They are an excellent way to work on your, or your students’, listening skills, as you can listen to them as many times as you want to. If you’re feeling adventurous, you can also manipulate files so that they are faster or slower, or so that you are only listening to an excerpt of the whole programme.
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The blog topics for March/April are below:
But deeper understanding can only occur with the ability to reflect: to review, to notice, and to think carefully about what had taken place.
This is true for our students and is certainly true for us teachers looking to improve our practice.
But how can we become more reflective teachers?
1. Formal Observations
Many schools have a Director of Studies observing a teacher when they are newly employed, and subsequently, once every 6 months or more. Such observations often have an evaluative function.
I recently started to brush up my German. I last studied German many years ago at school and I can’t say that it was a great success. In fact, I failed the exam and had to retake it. Hardly surprising, as I seem to remember spending a good portion of the exam time writing out David Bowie lyrics!
Apologies for the late posting of this month's blog topics! Here they are.
Promoting 21st Century Skills is one of the professional practices in the British Council’s new Continuing Professional Development (CPD) framework. But what exactly are 21st Century skills and are they the same as digital literacies?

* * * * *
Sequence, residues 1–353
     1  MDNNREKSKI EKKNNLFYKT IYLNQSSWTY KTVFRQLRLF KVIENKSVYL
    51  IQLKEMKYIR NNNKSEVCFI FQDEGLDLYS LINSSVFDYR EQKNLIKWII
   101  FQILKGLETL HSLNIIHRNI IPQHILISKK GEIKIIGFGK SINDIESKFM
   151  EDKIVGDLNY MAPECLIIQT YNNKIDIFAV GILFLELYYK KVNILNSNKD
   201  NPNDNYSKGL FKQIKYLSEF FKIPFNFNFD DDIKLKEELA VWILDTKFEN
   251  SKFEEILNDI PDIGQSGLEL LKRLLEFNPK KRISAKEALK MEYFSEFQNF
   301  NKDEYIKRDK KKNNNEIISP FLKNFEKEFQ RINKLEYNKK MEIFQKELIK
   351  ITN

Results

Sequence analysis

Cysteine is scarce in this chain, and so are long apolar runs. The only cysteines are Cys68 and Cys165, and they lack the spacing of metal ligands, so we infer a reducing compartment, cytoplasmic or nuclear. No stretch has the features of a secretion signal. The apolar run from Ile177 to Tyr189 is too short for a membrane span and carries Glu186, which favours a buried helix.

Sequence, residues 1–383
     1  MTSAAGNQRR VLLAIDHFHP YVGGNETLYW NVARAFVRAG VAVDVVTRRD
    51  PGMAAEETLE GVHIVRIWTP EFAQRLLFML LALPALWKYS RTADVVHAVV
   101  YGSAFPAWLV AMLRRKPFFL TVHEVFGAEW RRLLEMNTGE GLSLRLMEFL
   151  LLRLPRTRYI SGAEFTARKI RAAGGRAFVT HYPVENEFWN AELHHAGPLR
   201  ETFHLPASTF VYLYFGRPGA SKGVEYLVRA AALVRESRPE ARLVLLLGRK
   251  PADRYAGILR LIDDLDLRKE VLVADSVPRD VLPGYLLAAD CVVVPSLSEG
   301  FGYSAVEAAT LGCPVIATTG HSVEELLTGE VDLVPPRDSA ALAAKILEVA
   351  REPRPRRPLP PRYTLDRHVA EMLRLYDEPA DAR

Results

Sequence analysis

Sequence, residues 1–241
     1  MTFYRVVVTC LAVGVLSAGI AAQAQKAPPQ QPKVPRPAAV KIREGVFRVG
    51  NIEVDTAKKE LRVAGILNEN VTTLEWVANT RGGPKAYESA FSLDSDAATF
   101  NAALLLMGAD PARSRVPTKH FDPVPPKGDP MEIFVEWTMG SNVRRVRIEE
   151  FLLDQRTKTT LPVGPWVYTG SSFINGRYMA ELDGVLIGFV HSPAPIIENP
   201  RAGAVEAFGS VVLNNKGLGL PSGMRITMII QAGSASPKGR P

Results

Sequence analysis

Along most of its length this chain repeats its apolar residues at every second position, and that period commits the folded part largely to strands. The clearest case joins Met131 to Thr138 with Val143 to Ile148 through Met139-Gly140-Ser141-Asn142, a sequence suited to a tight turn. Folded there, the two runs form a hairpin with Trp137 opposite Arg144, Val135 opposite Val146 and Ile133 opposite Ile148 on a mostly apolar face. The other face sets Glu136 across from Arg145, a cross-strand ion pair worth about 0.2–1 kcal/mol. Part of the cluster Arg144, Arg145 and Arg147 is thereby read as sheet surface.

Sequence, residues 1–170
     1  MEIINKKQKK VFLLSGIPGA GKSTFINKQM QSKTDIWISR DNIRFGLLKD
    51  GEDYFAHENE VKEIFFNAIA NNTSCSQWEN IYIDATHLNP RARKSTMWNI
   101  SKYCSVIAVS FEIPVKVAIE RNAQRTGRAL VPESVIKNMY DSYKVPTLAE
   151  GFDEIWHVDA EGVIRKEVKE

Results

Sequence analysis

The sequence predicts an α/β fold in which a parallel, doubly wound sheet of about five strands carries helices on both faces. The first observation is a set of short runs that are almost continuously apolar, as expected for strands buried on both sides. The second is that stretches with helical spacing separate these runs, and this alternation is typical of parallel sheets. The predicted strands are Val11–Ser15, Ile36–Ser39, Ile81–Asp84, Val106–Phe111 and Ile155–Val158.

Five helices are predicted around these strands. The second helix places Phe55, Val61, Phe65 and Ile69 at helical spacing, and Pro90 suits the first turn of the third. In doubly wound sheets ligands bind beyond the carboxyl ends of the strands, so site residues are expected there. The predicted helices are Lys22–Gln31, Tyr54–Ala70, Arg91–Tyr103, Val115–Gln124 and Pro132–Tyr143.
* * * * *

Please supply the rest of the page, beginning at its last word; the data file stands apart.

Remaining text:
In two recent articles written by Gavin Dudeney, he explores the four key digital literacies: focus on connections, on language, on information and on (re)design. He also looks at the distinction between these and 21st century skills.
Some really interesting blog posts for our September and October, many thanks to all our bloggers for these and we hope you found them stimulating! To round off 2016 and look to the future, we have four different topics related to 21st century skills.
As always, we'd love to get ideas from you about the topics you want to write about and feedback about the TeachingEnglish website. Please let us know what topics you're interested in by emailing us at firstname.lastname@example.org
Nina MK, Ph.D.
You may have the most wonderful group of teachers in your institution, but the difference between success and failure is a mindful guidance from the manager or coordinator to give your team a sense of common direction. So here it goes:
Have a plan!
Respect your teachers’ individuality
Promote and value teamwork
Take advantage of your teachers’ talents. Help them discover what they are and let them share what they do best so that the whole team can grow.
Whose English Is Best?